I hope Everyone who gets one done, has the same results,
    sharonk
  16. webintrig

    webintrig New Member

    For this information.

    I have fibrocystic disease of the breast and my mom died of Breast cancer among other cancers. She had fibrocystic disease. My sis does too. I call it lumpy breast disease...lol..just call me Lumpy!

    It is important to get check when having a history of breast cancer in the family. Just having Fibrocystic disease is enough to be having yearly mamograms.

    I wanted more information about Fibrocystic disease and I found out that people that have a history of this needs a mamogram done. We are more prone. New informaation out there.

    I have been going on the age 40 thing. I have had a most recent one done and I am clear. I get one every year along with the well women's exam. To many people let this go and it is important to your health.

    I wish everyone happiness and to be healthy!

    Soft hugs,
  17. Bruin63

    Bruin63 Member

    Hi webintrig
    That is the same condition I have, and since having a Hyst. OP I haven't been bothered by them.
    If a person has this, they do need to pay more attention to doing the Self Breast Checks and the Mamograms too

    ~~~~~~~~~~~~~~~~~~~~~~~~~~~~~~~~~~~~~~~~~~

    Fibrocystic breast disease is described as common, benign (non-cancerous) changes in the tissues of the breast. The term "disease" in this case is misleading, and many providers prefer the term "change."

    The condition is so commonly found in breasts, it is believed to be a variation of normal. Other related terms include "mammary dysplasia," "benign breast disease," and "diffuse cystic mastopathy."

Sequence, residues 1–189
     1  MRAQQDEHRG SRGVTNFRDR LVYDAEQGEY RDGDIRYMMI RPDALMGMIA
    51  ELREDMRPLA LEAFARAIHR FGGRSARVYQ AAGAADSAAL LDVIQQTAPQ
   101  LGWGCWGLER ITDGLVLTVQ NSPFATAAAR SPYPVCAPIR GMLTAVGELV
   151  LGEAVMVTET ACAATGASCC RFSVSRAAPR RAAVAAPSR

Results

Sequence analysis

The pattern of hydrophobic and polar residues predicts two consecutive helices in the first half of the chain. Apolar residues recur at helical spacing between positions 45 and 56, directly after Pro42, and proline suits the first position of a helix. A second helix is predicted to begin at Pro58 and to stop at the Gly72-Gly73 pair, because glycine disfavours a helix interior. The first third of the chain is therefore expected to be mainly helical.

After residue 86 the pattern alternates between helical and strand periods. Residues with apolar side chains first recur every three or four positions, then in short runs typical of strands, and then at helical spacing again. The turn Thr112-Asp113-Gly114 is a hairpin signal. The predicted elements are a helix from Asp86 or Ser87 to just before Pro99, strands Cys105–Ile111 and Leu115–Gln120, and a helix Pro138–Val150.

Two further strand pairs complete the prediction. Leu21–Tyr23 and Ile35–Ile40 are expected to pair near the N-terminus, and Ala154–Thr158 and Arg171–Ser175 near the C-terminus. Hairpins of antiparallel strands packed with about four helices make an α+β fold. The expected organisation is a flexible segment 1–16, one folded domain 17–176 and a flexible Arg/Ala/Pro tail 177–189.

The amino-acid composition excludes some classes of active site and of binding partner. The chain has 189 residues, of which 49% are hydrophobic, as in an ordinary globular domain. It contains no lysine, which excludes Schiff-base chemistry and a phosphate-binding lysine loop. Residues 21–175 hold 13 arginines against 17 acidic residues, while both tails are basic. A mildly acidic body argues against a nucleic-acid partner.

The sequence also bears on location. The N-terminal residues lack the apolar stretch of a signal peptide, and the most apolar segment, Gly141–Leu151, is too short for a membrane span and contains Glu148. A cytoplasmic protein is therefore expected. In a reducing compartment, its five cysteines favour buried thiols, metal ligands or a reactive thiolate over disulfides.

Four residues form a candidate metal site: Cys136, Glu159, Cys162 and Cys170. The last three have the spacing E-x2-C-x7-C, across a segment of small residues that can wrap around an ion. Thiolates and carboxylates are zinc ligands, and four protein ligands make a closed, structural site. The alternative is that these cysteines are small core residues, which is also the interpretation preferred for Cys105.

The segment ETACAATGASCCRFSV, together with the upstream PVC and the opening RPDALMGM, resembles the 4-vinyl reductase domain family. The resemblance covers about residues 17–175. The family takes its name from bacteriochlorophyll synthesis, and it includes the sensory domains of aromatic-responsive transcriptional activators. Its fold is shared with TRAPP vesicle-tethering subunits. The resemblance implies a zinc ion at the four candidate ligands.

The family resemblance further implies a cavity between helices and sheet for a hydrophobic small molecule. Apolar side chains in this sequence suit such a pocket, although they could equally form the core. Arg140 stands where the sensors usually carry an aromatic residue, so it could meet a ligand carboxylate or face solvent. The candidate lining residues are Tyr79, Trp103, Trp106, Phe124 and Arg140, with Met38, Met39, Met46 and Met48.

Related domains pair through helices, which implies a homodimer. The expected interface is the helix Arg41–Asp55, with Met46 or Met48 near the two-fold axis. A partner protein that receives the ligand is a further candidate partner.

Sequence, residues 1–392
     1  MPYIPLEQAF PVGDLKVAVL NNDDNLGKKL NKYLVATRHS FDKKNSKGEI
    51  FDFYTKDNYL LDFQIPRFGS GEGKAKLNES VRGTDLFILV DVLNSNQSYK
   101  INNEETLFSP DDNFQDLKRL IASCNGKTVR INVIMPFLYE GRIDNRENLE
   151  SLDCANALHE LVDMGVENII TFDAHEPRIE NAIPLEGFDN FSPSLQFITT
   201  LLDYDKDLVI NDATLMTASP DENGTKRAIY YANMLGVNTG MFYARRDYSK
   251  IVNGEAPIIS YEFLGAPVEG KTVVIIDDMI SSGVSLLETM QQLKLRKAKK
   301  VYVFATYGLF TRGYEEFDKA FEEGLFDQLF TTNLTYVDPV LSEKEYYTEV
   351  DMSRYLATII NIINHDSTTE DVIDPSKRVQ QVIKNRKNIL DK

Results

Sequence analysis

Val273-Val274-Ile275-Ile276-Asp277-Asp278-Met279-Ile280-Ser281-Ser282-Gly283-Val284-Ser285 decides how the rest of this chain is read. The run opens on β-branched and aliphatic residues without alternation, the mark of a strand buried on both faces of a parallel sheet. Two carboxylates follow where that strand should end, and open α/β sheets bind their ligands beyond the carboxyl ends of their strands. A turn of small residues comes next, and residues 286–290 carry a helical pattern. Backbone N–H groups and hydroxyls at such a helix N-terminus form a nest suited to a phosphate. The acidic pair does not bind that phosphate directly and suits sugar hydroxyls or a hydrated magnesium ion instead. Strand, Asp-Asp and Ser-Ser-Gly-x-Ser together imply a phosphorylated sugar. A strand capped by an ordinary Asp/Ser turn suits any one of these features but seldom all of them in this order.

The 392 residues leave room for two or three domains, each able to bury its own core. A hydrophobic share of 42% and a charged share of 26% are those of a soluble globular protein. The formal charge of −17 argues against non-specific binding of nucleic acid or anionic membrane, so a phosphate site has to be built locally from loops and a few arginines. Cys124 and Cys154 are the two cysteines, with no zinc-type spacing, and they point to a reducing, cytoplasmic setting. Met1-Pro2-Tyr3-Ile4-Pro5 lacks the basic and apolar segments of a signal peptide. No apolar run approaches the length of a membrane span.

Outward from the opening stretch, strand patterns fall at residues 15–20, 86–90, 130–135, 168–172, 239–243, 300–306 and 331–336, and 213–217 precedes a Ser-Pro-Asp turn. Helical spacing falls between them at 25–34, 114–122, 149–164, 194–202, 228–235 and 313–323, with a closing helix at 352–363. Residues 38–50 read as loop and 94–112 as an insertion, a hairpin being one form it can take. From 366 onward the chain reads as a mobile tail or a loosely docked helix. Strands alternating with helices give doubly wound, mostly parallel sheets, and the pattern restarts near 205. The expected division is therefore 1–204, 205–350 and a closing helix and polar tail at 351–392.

Causes, incidence, and risk factors
    The cause is not completely understood, but the changes are believed to be associated with ovarian hormones since the condition usually subsides with menopause, and may vary in consistency during the menstrual cycle.

    The incidence of it is estimated to be over 60% of all women. It is common in women between the ages of 30 and 50, and rare in postmenopausal women. The incidence is lower in women taking birth control pills. The risk factors may include family history and diet (such as excessive dietary fat, and caffeine intake), although these are controversial.

    Symptoms
    A dense, irregular and bumpy "cobblestone" consistency in the breast tissue
    Usually more marked in the outer upper quadrants
    Breast discomfort that is persistent, or that occurs off and on (intermittent)
    Breast(s) feel full
    Dull, heavy pain and tenderness
    Premenstrual tenderness and swelling

    Breast discomfort improves after each menstrual period
    Nipple sensation changes, itching

    Note: Symptoms may range from mild to severe. Symptoms typically peak just before each menstrual period, and improve immediately after the menstrual period.

    Theres more info at this website if anyone wants to check it out further.


    http://www.nlm.nih.gov/medlineplus/ency/article/000912.htm

    Cheers,
    sharonk

[ advertisement ]